The perfect sentence

The Capitol Steps, an improv group that likes to say they “put the ‘mock’ in democracy,” appeared at the annual dinner of the Luzerne County Community Foundation several years ago. One of their skits was introduced as “Ernest Hemingway Meets With a College Admissions Counselor.”
They brought out a table and two chairs. A woman sat on one chair behind the table and the other was placed alongside of it. In walked a young fellow who identified himself as “Ernest Hemingway.”
“Please have a seat, Mr. Hemingway,” the counselor said, “and tell me something about yourself.”
“Well,” the actor began, hesitatingly, “I think there’s a writer in me but there’s more I want out of life.”
“Such as …,” the counselor prodded.
“Well … I’d like to travel,” young ‘Hemingway’ began, “maybe live in Paris for a while. And I don’t even mind if I’m poor. Nothing wrong with poor. And I want to drink, brandy and whiskey and stuff. Lots of drinking. And carouse. Meet all sorts of women. Maybe marry a few times. And hang out with other artists. And maybe fight in a war. And possibly get into bull fighting. And then, after writing some books, eventually blow my brains out, I guess.”
“You’ll want Liberal Arts then,” the counselor advises without batting an eyelash.
I thought it hilarious.
And so sad.
I am a Hemingway fan. As are some of my friends. So when Joe Healey posted a photo of Hemingway raising a glass at a bar in Havanna on Facebook yesterday to mark Hemingway’s birthday, my friend James O’Malley immediately texted it to me. James once suggested he and I independently create lists of ten books everyone should read and then compare them. We each listed “A Farewell to Arms.”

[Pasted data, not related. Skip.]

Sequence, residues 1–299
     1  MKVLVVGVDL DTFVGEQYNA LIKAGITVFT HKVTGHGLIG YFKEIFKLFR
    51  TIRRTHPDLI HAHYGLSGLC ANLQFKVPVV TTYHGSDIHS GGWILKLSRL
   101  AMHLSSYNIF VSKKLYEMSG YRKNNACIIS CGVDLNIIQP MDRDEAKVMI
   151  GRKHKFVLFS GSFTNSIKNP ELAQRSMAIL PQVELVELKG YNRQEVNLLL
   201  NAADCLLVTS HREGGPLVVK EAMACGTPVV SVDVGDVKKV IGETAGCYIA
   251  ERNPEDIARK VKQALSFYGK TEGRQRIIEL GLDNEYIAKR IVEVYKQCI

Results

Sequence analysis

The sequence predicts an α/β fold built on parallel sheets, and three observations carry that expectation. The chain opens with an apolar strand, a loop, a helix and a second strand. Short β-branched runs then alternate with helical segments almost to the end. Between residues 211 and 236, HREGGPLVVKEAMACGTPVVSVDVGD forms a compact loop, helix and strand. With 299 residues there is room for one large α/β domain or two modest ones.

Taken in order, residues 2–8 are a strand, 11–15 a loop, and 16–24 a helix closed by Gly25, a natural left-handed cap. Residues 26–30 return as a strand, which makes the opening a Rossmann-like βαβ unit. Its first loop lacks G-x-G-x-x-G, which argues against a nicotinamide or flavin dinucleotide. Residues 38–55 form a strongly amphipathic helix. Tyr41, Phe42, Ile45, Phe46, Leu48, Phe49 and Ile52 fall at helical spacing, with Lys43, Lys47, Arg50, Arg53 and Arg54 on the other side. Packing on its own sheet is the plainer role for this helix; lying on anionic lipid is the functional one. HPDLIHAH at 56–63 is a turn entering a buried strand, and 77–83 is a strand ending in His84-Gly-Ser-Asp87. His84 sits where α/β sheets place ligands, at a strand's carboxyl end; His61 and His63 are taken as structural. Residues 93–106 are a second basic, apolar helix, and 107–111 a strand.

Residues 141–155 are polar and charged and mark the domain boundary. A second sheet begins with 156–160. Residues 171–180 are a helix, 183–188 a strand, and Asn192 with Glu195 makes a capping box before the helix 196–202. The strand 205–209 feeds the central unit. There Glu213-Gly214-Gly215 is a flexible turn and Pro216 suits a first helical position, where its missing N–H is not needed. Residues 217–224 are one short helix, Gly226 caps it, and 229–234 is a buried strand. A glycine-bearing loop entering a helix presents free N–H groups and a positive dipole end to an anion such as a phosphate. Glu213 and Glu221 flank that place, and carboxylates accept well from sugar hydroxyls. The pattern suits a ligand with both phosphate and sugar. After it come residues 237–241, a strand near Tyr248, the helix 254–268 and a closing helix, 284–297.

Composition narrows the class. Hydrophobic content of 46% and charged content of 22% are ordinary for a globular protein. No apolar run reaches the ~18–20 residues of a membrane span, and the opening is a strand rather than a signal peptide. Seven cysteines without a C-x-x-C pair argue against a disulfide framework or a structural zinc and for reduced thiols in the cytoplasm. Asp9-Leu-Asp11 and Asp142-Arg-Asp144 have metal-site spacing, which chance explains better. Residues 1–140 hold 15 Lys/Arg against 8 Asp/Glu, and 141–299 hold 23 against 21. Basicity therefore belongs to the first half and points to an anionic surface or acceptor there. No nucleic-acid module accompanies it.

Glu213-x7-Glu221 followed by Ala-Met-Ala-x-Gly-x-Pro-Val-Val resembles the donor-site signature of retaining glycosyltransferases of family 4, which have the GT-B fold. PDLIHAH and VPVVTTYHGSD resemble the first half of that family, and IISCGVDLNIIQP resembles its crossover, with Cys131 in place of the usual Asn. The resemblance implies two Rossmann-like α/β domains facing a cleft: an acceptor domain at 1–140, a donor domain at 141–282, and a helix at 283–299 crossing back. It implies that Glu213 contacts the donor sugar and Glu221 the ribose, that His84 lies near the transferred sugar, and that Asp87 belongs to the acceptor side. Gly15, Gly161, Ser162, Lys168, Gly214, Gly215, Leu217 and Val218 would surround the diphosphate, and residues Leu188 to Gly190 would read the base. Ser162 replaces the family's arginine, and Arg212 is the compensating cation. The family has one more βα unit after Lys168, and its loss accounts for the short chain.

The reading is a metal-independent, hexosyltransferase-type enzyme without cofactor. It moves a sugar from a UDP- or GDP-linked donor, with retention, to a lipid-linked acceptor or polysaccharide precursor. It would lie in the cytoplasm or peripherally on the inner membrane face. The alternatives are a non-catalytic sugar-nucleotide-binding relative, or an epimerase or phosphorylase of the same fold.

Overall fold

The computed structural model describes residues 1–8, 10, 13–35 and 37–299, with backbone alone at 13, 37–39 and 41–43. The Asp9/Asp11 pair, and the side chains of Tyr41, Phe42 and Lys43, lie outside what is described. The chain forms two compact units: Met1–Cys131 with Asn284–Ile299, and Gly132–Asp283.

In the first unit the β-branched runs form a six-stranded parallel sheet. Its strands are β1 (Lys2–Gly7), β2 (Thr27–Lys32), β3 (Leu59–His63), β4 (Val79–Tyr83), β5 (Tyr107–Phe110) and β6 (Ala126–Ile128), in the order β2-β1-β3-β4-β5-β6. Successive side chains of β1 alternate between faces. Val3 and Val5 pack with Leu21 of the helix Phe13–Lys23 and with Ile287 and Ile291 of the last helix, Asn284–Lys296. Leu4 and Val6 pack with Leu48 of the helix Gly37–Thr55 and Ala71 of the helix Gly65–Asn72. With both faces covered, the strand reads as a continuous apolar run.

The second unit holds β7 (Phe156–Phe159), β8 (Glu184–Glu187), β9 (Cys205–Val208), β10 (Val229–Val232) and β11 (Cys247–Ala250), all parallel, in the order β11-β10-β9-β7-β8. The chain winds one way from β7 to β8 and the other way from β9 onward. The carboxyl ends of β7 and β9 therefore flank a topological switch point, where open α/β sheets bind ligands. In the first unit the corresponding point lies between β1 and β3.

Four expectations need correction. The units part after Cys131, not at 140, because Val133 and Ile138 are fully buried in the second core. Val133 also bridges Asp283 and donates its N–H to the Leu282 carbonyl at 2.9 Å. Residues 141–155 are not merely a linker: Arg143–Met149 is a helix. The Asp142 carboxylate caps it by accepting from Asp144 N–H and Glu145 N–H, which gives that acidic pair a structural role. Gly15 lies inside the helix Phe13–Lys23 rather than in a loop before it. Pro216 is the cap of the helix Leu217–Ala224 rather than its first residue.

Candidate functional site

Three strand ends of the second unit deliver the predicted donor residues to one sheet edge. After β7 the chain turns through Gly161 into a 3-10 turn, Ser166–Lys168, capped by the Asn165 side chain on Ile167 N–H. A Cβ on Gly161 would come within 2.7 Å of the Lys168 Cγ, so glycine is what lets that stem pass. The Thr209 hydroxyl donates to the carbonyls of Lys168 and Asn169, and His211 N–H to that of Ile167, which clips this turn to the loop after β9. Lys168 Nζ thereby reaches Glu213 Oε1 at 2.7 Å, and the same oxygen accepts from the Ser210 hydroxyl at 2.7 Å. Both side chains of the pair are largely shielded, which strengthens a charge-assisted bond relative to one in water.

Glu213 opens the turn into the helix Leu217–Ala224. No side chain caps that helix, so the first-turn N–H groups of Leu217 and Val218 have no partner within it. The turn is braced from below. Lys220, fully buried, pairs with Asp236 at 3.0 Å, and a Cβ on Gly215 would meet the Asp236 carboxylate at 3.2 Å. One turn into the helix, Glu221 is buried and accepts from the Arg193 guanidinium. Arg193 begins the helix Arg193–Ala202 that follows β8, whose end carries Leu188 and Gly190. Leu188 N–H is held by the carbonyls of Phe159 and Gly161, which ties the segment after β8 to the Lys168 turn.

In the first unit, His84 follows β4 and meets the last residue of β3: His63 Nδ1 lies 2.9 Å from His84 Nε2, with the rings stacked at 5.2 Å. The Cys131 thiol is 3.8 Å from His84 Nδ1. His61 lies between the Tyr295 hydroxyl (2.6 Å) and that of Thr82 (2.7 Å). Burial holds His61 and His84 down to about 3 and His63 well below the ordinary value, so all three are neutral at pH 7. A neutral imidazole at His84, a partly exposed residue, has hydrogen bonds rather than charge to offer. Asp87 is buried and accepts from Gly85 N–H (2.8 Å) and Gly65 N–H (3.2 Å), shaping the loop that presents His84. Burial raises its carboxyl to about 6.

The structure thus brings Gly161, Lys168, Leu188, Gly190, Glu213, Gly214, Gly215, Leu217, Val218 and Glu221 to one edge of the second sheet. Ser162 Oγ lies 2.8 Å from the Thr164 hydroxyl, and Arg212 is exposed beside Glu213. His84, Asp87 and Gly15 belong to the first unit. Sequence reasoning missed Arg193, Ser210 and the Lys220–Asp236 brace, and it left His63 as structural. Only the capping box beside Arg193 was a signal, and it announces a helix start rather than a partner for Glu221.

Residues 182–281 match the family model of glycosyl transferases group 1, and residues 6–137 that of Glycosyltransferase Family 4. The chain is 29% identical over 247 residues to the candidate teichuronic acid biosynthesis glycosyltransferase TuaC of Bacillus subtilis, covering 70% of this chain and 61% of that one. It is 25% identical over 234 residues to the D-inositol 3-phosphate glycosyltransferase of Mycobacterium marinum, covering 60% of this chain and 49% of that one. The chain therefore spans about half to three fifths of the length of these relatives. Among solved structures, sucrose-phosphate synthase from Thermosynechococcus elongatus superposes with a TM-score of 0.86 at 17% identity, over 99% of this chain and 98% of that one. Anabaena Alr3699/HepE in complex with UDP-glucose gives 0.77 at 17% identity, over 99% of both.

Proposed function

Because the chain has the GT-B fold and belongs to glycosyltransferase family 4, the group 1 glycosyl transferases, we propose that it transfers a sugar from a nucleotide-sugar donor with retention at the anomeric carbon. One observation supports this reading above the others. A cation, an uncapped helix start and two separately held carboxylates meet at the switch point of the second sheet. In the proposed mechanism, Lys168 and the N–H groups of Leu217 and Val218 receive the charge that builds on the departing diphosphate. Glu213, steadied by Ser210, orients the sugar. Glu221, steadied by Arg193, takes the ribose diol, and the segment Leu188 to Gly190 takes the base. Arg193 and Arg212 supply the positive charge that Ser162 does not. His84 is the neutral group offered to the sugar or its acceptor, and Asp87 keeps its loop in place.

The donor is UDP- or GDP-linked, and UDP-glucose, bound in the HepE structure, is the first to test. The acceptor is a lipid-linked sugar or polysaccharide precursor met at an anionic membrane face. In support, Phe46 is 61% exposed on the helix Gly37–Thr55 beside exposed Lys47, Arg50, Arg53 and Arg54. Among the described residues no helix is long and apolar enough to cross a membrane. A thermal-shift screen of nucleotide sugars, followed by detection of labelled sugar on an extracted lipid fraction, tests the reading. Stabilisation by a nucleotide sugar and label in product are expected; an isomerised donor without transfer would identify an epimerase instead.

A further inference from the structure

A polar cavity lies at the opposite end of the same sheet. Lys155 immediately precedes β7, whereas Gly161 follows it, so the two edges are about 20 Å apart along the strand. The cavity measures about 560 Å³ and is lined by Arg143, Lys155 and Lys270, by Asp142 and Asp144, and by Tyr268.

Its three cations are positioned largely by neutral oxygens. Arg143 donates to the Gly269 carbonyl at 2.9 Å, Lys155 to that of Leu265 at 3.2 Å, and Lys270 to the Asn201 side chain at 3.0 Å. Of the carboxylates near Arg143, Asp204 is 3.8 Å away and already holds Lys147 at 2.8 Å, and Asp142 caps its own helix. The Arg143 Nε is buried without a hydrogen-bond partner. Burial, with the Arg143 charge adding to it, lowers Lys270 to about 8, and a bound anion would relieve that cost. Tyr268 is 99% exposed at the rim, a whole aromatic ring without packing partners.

Hemingway was born in 1899 and took his life in 1961. It will always surprise me that we were alive at the same time. I was 12 when he died and had yet to experience him.
My favorite Hemingway work may be “A Moveable Feast,” his memoir. And I must admit I thoroughly enjoyed “The Paris Wife,” Hemingway’s years in Chicago and Paris as told through the eyes of his first wife, Hadley Richardson.
Hemingway introduced the short, simple declarative sentence, the primary tool of the journalist, into literature. He strove all his life to write the perfect sentence. It is not as easy as it sounds.
“All you have to do,” he wrote, “is write one true sentence. Write the truest sentence that you know.”
I share this with all my students.
Interestingly, I tell them I would delete the word “that” from the second part and make it simply, “Write the truest sentence you know.”
I delete a lot of “thats.” This particular instance aside, Hemingway gets the credit.

Ed Ackerman